On November 8, 2016, the Prime Minister’s impromptu announcement that 500-rupee and 1000-rupee notes would be invalidated in order to catch tax defaulters unawares was immediately greeted with either elation or misgiving.
As in most cases under the current regime – for to call it a government is a mockery of governance – those who voiced their misgivings were accused of being anti-nationals and tax defaulters, whom angry defenders of the regime ordered to “go to Pakistan”, a task that is now rendered even more difficult than before thanks to the cessation of bilateral talks.
But, unlike in most cases under the current regime, those who were elated were not just the trolls who trawl social media and news websites – they included naïve taxpayers who believed this move was actually a good one. After all, the Prime Minister had promised that the transition would be smooth, that this top-secret operation had been planned over six months, and that the machinery would work efficiently to cause the least inconvenience to the common man.
The trial through which the common man’s trust would be put began the very next day. Instead of issuing new notes to replace the ones that had already been rendered invalid, the banks remained closed. ATM machines were to be recalibrated, and there was a mad rush to get in line before they turned useless.
Essential services, including hospitals and pharmacies, refused to provide care for patients who did not have new notes – and they could not have new notes because they were not being issued yet.
The government had done a Marie Antoinette, asking those who did not have cash to use credit cards. What percentage of the populace has a credit card?
The promises of relief were to be betrayed soon enough. The exchange of notes was limited to 4500 rupees, and instead of increasing the limit, the government slashed the amount to 2000. Could its think tanks not come up with any way to streamline the queue other than speed it up through deprivation?
In the initial announcement, citizens were promised that they could deposit any amount of money until December 30, and deposits under Rs. 2.5 lakh would not be scrutinised. Now, the government has changed its mind. Farmers, pensioners, and small traders who had stocked up money at home will be among those who are investigated.
The “relief measures” which the government has drawn up are all reactive rather than preventive. There was no separate queue for senior citizens at most banks, and they waited in long lines along with everyone else. After reports of several cases of sunstroke, collapse, and cardiac arrest, sometimes leading to death, one day was dedicated to cater to senior citizens alone.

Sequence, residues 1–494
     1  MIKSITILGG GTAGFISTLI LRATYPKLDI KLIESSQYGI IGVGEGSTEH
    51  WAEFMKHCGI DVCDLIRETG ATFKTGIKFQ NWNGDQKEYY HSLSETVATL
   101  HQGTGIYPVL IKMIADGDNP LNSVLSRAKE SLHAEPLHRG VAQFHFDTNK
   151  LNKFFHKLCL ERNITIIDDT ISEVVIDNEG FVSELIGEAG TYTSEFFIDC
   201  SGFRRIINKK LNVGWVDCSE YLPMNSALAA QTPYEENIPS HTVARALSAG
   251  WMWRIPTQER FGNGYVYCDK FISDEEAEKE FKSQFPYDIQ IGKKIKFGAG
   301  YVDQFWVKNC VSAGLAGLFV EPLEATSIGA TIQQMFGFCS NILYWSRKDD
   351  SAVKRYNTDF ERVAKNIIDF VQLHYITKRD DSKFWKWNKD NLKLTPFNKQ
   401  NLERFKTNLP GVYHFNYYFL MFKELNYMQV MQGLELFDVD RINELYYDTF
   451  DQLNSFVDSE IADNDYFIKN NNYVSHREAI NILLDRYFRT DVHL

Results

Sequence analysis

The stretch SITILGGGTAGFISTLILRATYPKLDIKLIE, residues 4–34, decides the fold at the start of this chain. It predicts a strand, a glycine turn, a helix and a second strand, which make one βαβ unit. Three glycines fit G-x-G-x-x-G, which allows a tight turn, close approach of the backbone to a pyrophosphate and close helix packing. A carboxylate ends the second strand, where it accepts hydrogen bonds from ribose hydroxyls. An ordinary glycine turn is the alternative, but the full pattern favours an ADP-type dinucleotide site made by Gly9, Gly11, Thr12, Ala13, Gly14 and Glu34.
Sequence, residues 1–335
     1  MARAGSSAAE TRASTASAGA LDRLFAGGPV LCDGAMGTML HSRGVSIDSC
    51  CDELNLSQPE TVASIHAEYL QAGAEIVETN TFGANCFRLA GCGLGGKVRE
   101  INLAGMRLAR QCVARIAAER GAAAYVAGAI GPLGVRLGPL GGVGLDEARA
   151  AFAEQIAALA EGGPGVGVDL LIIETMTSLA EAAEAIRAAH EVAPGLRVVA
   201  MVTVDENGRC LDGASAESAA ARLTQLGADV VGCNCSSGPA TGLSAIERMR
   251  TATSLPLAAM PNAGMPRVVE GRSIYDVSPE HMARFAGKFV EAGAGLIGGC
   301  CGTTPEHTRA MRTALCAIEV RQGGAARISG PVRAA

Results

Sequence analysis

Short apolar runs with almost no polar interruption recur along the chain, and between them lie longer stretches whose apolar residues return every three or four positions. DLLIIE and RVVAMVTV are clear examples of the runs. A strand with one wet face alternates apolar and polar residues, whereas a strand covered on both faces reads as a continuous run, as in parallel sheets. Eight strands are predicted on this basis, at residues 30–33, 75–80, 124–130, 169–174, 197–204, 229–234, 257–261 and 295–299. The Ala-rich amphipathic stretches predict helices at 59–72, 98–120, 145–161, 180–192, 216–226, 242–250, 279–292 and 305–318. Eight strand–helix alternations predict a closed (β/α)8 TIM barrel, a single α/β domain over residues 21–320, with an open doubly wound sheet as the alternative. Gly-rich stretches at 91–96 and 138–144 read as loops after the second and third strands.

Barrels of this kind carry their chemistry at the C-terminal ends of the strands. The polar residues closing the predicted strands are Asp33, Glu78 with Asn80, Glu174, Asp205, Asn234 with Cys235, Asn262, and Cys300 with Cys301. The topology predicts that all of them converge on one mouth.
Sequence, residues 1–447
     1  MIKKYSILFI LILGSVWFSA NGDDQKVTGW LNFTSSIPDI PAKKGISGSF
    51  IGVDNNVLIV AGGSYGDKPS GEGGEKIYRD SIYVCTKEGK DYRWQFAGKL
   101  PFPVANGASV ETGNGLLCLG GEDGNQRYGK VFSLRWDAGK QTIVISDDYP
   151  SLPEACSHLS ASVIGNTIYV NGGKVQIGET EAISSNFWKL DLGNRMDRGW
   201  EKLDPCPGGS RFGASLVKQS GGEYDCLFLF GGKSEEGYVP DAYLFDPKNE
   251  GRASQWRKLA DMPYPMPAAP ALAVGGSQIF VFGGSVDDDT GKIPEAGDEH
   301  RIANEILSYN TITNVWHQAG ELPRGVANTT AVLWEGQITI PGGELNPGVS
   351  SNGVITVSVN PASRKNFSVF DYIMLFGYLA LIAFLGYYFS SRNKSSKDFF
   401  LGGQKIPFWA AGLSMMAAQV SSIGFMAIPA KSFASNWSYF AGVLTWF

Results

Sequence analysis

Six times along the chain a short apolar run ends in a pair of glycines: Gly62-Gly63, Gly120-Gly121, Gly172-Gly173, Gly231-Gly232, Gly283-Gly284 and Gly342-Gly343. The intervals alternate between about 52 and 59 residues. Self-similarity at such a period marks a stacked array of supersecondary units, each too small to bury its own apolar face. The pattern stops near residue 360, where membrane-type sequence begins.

Similarly, larger withdrawals were sanctioned for weddings after reports of suicides by family members of brides.
In the last few days, there have been no reports of deaths caused directly or indirectly by demonetisation. Whether this is actually the case, or whether the media too has failed to play the role of opposition – a role the political opposition has not been able to play to much effect – is not known. Reportage becomes challenging in a country where no one in authority is allowed to speak. Even columns and comment that refuses to toe the government’s line must encounter the nasty ire of trolls, who spew vitriol for lack of sensible argument.
Despite the heavy investment from the nation’s exchequer that the issuing of new notes has mandated, and despite the trauma caused to the common man – for deaths cannot be dismissed as “inconvenience” – we are now told that there are no additional security features on the new notes to prevent counterfeiting. Worse, we don’t even know when the 500-rupee notes will roll out. With most shopkeepers either refusing change or having no change for 2000-rupee notes, people are in nearly as much trouble as they were between November 8 and 10.
And reports of 550-crore weddings conducted with old notes spill into our news feed, along with others of powerless labourers being paid in old notes and forced to change them for a commission of 150 rupees per 500-rupee note – because people who must work at construction sites every day can’t afford to wait in endless queues.
Of course, the first blow to people’s trust in the system came with the idea itself – a currency note is essentially a guarantee that this piece of paper will always be worth the number which is printed on it. Now, that number, that piece of paper, and the guarantee have been invalidated en masse. Notes of other denominations which went out of circulation aeons ago can be exchanged after December 30, but not 500-rupee and 1000-rupee notes.
And so, we must tell ourselves we live in a democracy, while not trusting it to be of us, for us, or by us.
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